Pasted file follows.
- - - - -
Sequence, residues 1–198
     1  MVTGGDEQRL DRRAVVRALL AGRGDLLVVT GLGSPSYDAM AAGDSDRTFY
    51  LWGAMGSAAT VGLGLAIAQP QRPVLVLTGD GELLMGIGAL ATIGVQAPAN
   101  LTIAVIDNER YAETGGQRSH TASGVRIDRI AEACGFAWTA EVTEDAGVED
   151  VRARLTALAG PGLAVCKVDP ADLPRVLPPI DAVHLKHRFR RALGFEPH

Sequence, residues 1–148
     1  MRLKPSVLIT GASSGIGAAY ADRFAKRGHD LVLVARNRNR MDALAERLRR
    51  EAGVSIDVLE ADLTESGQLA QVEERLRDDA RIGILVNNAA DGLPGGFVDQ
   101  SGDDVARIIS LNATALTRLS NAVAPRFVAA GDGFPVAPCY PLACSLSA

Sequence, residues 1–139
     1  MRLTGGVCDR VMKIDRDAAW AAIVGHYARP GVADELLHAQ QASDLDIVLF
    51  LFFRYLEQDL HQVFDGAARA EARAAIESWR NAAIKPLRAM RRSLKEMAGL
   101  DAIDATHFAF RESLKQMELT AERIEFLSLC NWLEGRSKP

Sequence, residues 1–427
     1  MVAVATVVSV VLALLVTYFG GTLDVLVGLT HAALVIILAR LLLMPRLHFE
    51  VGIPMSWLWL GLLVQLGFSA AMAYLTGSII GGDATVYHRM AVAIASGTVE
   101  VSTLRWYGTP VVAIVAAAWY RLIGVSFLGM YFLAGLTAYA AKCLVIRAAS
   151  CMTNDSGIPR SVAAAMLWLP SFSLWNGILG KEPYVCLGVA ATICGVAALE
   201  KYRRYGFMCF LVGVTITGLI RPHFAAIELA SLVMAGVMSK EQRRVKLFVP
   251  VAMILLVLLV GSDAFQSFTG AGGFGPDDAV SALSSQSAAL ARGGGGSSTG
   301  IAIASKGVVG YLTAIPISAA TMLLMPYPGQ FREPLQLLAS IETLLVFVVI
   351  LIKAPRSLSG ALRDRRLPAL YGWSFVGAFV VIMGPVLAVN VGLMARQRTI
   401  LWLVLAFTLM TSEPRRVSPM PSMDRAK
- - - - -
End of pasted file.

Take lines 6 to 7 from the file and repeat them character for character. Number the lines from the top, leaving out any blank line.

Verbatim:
Sequence, residues 1–148
     1  MRLKPSVLIT GASSGIGAAY ADRFAKRGHD LVLVARNRNR MDALAERLRR